When Church Farm said goodbye to its dairy herd 10 years ago, Duncan Ellis thought he’d seen the back of 4am starts for good.
But now you’ll find him up before dawn managing another liquid asset – and the return on investment on this one is considerably better than milk.
Five years ago, having turned down countless approaches to convert his redundant dairy buildings into highly desirable office accommodation, Duncan opened a brewery.
“I hadn’t been looking to start a brewery, but I got chatting to a chap at a village party to celebrate the wedding of William and Kate and he suggested I turn my malting barley into beer,” says Duncan, who was already farming 728 hectares (1,800 acres) of combinable crops with beef and sheep on a further 607ha (1,500 acres) of grass near the Long Man of Wilmington – a fertility symbol carved into the Sussex Downs which would become synonymous with a string of award-winning ales.
The fact the stranger who planted the seed of the idea for Long Man Brewery turned out to be Steve Lees, commercial director of the locally based specialist drinks distributor H.T. White, turned what could have been a fanciful idea into a no-brainer, since Duncan knew one of the biggest challengers to farm-based breweries is the cost of transporting barrel loads of beer.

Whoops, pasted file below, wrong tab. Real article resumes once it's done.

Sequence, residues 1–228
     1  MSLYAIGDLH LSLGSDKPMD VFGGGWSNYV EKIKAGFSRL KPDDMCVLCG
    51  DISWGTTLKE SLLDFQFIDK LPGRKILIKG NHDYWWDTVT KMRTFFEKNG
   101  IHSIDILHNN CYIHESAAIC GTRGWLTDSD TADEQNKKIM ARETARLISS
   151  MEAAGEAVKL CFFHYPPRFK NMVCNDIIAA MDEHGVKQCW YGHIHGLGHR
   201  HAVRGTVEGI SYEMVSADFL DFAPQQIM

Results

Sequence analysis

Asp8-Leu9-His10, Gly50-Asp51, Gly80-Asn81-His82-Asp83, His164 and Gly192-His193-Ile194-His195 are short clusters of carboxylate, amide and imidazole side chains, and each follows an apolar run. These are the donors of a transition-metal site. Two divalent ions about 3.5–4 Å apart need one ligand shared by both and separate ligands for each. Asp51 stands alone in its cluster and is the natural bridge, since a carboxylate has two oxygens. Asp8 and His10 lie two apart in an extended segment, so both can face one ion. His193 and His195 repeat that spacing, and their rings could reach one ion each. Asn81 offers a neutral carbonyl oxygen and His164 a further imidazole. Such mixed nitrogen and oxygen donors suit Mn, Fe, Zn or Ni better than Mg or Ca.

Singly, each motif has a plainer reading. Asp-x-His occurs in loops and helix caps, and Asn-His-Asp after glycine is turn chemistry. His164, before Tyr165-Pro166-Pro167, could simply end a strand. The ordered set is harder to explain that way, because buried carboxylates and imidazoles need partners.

While most find it a challenge to establish a brand locally, let alone nationally, Long Man rapidly went to eight brews a week and 2.5 million pints a year – half of them sold outside of Sussex.
“The key to our success was being plugged in to a drinks distribution business with 30 lorries on the road from the outset,” says Duncan. “But even then it’s gone far faster and far harder than I ever anticipated.”
A self-confessed ‘session drinker’ whose taste in beer was influenced by three years studying agriculture at Newcastle University in the heart of ‘Broon Dog’ country, Duncan recruited head brewer Jamie Simm to be the creative genius behind Long Man even before the paint was dry on the brewery walls.
Previously with the award-winning Royal Tunbridge Wells Brewery, Kent, he was intrigued by the chance to influence production all the way from plough to pint.
Jamie says: “Not only does it offer a level of control which only a handful of other brewers have, but it is also environmentally sustainable. Ultimately, the choice of variety is Duncan’s to make and I certainly wouldn’t tell a third generation farmer how to grow it, but he does involve me and we do regularly inspect the fields together. I can literally jump in the car and drive up to take a look at the barley, and we do.”
Now a partner in the business with Duncan and Steve Lees, he steered Long Man to success in last year’s Beer Awards, where all four of the beers entered came away with medals to add to the hat-trick the brewery picked up at the International Beer Challenge a month earlier.
This year, it’s aiming for the beer Oscars, the International Brewing Awards, held every two years, where it will come up against some of the best in the world.
Although the brand was deliberately designed to appeal to the biggest bandwidth of drinkers, maintaining quality is a deceptively skilful task.
Jamie says: “To begin with, I focused on producing the beers which would help establish the brand – best bitter, pale ales, etc. Now I hope Long Man is known for producing quality cask ales, most of which are fairly traditional ‘cooking’ bitters. This is something I am very proud of because the key to well-executed beers like these is balance.